Motherboard Porting Guide
The wiki is being retired!
Documentation is now handled by the same processes we use for code: Add something to the Documentation/ directory in the coreboot repo, and it will be rendered to https://doc.coreboot.org/. Contributions welcome!
Motherboard Porting Guide
Please note that this is WIP work.
HOWTO to find a way
- find a model and manufacturer of your mobo
- download these tools:
# git clone http://review.coreboot.org/p/coreboot # superiotool ( cd coreboot/util/superiotool ; make ; sudo make install ) # inteltool ( cd coreboot/util/inteltool ; make ; sudo make install ) # ectool ( cd coreboot/util/ectool ; make ; sudo make install ) # dmidecode ( cvs -z3 -d:pserver:email@example.com:/sources/dmidecode co dmidecode ) # msrtool ( cd coreboot/util/msrtool ; ./configure ; make ; sudo make install ) # nvramtool ( cd coreboot/util/nvramtool ; make ; sudo make install ) # flashrom ( svn co svn://coreboot.org/flashrom/trunk flashrom )
- make and install them (make; sudo make install) - you need at least libpci/pciutils
- check that your distro have this tools and install them:
# lspci # dmesg # acpitool # lspnp # lsusb
- Do this commands:
# lspci -nnvvvxxxx > lscpi.log # lspnp -vv > lspnp.log # lsusb -vvv > lsusb.log # superiotool -deV > superiotool.log # inteltool -a > inteltool.log # ectool > ectool.log # msrtool > msrtool.log # dmidecode > dmidecode.log # biosdecode > biosdecode.log # nvramtool -x > nvramtool.log # dmesg > dmesg.log # flashrom -V -p internal:laptop=force_I_want_a_brick > flashrom_info.log # flashrom -V -p internal:laptop=force_I_want_a_brick -r rom.bin > flashrom_read.log
- Save all logs in safe place, and also rom.bin file.
- Find what chip does your mobo use. The name of the chip is present in flashrom_info.log but is not always exact as some chips have several packaging variants (e.g. SOIC-16, SOIC-8 and TSOP). Consult [] for more info on possible chip formats. If possible make a high-resolution (600dpi or higher) scan of motherboard. Make a scan, not a photo as cameras typically don't have enough resolution to identify individual chips.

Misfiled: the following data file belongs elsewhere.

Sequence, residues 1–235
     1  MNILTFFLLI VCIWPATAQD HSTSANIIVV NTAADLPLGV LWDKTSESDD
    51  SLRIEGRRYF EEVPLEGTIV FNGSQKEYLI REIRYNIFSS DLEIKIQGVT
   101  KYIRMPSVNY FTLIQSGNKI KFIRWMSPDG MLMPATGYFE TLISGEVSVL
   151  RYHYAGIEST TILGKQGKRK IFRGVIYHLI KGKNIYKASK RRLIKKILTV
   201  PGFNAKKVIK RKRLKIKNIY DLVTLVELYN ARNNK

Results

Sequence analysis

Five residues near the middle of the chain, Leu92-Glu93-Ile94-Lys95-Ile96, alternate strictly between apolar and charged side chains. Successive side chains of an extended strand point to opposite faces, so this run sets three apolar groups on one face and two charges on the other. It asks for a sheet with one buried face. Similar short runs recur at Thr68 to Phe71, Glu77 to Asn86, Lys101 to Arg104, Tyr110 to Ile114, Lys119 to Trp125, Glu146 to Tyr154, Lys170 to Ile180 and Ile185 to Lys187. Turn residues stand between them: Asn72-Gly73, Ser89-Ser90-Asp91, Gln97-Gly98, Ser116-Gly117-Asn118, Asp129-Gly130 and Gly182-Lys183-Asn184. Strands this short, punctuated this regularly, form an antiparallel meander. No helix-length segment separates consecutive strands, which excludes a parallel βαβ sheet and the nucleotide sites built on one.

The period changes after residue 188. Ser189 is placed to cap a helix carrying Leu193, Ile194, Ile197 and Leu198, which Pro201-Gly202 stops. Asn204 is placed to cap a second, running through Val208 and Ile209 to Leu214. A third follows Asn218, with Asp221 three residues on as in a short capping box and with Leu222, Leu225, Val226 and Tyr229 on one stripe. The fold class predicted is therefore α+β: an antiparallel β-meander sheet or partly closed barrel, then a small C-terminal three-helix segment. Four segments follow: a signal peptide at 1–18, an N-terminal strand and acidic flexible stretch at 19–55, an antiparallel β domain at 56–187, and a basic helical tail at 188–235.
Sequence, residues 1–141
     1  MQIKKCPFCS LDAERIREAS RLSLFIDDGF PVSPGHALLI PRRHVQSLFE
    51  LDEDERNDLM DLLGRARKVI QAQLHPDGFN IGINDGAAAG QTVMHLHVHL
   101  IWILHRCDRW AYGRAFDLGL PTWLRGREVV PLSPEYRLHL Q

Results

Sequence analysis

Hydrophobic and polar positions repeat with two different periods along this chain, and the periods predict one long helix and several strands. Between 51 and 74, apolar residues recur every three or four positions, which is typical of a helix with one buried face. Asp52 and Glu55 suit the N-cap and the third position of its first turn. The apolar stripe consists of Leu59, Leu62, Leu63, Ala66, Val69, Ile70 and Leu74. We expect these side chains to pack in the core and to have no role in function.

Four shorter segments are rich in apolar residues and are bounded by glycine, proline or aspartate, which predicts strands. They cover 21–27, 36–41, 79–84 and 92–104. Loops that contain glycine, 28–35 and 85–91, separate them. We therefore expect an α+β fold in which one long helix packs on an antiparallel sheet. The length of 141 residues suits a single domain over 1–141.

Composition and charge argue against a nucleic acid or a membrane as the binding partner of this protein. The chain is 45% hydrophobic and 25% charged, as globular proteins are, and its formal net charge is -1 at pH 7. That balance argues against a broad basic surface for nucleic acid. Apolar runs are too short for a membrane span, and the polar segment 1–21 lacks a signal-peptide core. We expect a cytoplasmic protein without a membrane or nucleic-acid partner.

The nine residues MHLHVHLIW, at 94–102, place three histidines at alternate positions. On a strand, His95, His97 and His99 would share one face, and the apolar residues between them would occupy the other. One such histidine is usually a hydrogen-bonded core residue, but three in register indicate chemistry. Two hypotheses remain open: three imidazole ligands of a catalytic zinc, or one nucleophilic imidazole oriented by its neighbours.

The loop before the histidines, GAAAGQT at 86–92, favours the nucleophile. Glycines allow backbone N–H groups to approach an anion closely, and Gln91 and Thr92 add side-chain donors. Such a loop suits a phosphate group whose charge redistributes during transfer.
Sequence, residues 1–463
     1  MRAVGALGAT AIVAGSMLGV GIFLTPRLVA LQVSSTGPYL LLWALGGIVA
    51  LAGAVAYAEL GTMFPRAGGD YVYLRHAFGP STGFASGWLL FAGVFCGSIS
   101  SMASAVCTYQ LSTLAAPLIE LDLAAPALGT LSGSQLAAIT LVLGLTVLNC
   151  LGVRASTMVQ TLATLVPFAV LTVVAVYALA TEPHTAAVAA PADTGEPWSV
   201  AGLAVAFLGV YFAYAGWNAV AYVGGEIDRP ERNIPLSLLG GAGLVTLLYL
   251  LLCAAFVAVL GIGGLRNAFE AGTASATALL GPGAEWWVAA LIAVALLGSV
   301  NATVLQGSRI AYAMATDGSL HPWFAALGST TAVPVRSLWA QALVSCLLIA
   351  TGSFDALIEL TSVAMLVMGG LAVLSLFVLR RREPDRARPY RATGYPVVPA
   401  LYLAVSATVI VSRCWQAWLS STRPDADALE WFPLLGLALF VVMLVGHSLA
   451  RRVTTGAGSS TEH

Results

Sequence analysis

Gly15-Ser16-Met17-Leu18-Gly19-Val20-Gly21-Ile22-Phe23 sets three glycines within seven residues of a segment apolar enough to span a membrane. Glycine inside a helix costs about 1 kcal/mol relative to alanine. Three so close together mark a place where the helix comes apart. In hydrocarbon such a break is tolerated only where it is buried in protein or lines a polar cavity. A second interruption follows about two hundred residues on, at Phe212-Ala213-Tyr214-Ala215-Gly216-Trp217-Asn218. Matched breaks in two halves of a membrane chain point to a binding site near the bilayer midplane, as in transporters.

- try to find information - what EC (if on laptop) or Super I/O chip (if any) is used in your mobo (may be some info in Service Manuals or Disassembly guides)
- try to find your Super I/O / EC chip datasheet
For laptop, additionally:
- if you see that ectool return some fake staff - like only 'FF' or '00' - so you have custom EC configuration, it's a hard work for support
- if you see that ectool return looks like 'right' output - you have a big chances for support
- you need to find from thease outputs Super I/O / EC chip name, or if not see this - disassembly your laptop
Selecting Similar Board
Modifying existing board
Adding a new board
This is a two step process. If you mainboard already exists, skip to next section.
Adding a new vendor to tree
Create a directory in src/mainboard with the same name as vendor name. Add to src/mainboard/Kconfig new vendor entry, the rest of this example uses "foo" vendor.
config VENDOR_FOO bool "Foo"
Add also a include for new Kconfig file which holds the vendor motherboards in the vendor directory
Create a src/mainboard/foo/Kconfig, copy from other vendor, and change the vendor name. Delete all mainboards.
Adding a new motherboard to tree
Asume that vendor name is foo and board type is bar. Add new configuration item in src/mainboard/foo/Kconfig
config BOARD_FOO_BAR bool "BAR"
Add include for board specific config:
Adjusting contents of new board directory
Adjust Kconfig to fit the new vendor/model name and dont forget to change MAINBOARD_DIR and MAINBOARD_PART_NUMBER.